Event: House Homeland Security Committee roundtables on privacy, civil rights, & civil liberties at DHS

  • When:  Wednesday, December 3rd, 2008
  • Where: 311 Cannon House Office Building, Washington D.C.
  • Time:  9:00 am – 4:00 pm

On Wednesday, December 3rd, the Majority Staff of the House Committee on Homeland Security will host a series of roundtable discussions on the future of privacy, civil rights, and civil liberties at DHS.  The event, entitled “A Path Forward: Constitutional Protections in Homeland Security”, is sponsored by Rep. Bennie Thompson, Chairman of the House Committee on Homeland Security.  Experts from the public sector will give their views on the focus the Department should take in dealing with privacy, civil rights, and civil liberties during the new Administration.  There will be a total of six panels:

  • 9am – The Road Ahead: Protecting Civil Liberties in a Natural Disaster
  • 10am – A New Direction:  Privacy Implications in Datamining
  • 11am – The Way Forward: Privacy and Domestic Intelligence & Information Sharing
  • 1pm – The Advancing Lane: Transportation Security & Privacy and Civil Liberties
  • 2pm – The Changing Course:  Privacy, Civil Liberties, and the Border
  • 3pm – A Progressive Dimension: Cybersecurity and Privacy

GAO report on NAO disputes Chertoff claims of compliance

The Government Accountability Office (GAO) has released its full public report on the status of the Department of Homeland Security (DHS) National Applications Office (NAO) compliance with current legal, privacy and civil liberties standards.

On April 9, 2008, in a letter to Members of Congress, DHS secretary Michael Chertoff certified that the NAO complies with all existing laws, including all applicable privacy and civil liberties standards. The Secretary also provided a charter for the office, privacy and civil liberties impact assessments, and NAO standard operating procedures.

The GAO report disputes that claim of full compliance.

Bush administration disregards reporting law

From the New York Times:

The Bush administration has informed Congress that it is bypassing a law intended to forbid political interference with reports to lawmakers by DHS. The August 2007 law requires the DHS chief privacy officer to report each year about Homeland Security activities that affect privacy, and requires that the reports be submitted directly to Congress “without any prior comment or amendment” by superiors at DHS or the White House.

But newly disclosed documents show that the Justice Department issued a legal opinion last January questioning the basis for that restriction, and that DHS Secretary Michael Chertoff later advised Congress that the administration would not “apply this provision strictly” because it infringed on the President’s powers.

Several members of Congress reacted with outrage to the administration’s claim, which was detailed in a memorandum posted this week on the Web site of the Office of Legal Counsel at the Justice Department.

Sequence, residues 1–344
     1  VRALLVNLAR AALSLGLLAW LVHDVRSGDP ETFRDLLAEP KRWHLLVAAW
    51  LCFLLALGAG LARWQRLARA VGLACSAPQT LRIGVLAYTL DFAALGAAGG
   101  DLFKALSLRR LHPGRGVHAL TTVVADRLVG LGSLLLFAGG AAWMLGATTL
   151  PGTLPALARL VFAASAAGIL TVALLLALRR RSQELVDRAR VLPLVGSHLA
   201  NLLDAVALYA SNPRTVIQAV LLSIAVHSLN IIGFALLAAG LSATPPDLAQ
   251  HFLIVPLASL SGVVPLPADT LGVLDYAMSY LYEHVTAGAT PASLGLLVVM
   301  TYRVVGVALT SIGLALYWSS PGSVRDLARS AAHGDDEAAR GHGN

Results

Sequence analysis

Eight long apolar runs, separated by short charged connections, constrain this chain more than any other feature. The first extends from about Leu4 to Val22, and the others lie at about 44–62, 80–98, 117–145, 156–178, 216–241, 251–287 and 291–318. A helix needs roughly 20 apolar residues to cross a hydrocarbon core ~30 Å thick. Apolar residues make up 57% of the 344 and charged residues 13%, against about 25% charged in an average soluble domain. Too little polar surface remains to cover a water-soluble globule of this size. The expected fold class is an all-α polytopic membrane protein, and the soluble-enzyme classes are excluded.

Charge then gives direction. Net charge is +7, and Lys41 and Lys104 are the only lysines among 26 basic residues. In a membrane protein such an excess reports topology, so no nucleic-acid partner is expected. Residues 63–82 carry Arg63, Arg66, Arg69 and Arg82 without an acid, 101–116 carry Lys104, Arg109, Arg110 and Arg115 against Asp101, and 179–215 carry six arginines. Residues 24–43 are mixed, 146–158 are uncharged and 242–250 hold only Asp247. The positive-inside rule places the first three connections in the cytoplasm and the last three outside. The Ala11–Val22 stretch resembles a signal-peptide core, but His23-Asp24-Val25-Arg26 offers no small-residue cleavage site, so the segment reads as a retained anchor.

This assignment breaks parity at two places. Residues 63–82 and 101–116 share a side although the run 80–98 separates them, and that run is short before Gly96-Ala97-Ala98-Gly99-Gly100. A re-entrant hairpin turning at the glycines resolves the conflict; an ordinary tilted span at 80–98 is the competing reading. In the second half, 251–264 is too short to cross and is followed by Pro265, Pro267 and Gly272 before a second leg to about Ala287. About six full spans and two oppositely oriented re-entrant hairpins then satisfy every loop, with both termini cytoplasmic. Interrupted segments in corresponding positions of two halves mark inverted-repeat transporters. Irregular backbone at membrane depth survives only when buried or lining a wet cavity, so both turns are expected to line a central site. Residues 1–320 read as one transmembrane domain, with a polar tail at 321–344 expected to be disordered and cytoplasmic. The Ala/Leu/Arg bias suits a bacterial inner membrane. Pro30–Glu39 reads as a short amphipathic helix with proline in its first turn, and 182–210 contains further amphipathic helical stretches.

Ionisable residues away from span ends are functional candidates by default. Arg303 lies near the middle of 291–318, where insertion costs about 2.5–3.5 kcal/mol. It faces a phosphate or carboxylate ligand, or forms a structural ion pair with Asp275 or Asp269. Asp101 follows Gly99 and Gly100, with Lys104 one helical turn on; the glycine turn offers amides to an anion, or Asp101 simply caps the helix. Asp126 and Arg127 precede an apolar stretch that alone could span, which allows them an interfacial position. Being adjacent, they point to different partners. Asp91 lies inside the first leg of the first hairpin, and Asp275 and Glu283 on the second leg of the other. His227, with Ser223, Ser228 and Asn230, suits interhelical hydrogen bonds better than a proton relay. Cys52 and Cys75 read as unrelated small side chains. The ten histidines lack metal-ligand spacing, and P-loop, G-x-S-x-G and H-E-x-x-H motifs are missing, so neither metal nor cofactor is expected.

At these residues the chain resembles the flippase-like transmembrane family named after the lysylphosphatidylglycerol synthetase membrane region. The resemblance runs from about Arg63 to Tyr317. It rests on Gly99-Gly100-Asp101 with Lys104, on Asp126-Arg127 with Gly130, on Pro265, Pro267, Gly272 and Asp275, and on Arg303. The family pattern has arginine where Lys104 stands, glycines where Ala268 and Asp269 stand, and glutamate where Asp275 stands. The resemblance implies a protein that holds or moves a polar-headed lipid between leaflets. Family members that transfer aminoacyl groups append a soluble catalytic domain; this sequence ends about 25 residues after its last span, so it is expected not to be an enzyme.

DHS privacy chief highlights privacy improvements

From DHS Leadership Journal:

Hugo Teufel, DHS Chief Privacy Officer, announces the release of the fourth annual DHS Privacy Office Annual Report to Congress, which covers the reporting period from July 2007 – July 2008, and reviews some of the improvements in DHS privacy efforts in the last year, and ongoing.

President signs bill turning military spy satellites on U.S.

An appropriations bill signed by President Bush last week allows the controversial National Applications Office (NAO) to begin operating a stringently limited version of a program which would turn military spy satellites on the United States, sharing imagery with other federal, state, and local government agencies.

Both Congress and the GAO have expressed concern that the practice may be in violation of some laws and may be used for spying on U.S. Citizens.

Bill would limit homeland security laptop searches

The Homeland Security Department has declared its right to seize laptops at the U.S. border indefinitely, and the 9th Circuit court upheld their right to do so, but the Travelers Privacy Protection Act introduced Thursday is intended to curb that power.

The legislation would require DHS to form reasonable suspicion of illegal activity before searching electronic devices carried by U.S. residents. The DHS would also be required to provide probable cause and a warrant or court order to hold such a device for more than 24 hours. The bill also limits what information acquired through electronic searches the DHS can disclose, and it requires the department to report on its border searches to Congress.


  • Although I’ve heard several arguments that the laptop policy only extends the powers CBP agents have to search all items and documents brought into the U.S., others argue that the extent of searches currently allowed by DHS exceeds traditional protections in all areas (not just laptops).
  • The newly introduced bill offers protection only for information on electronic media – physical documents and other belongings are not protected.
  • The newly introduced bill only offers protection for citizens and legal residents of the U.S. – foreign visitors are not protected.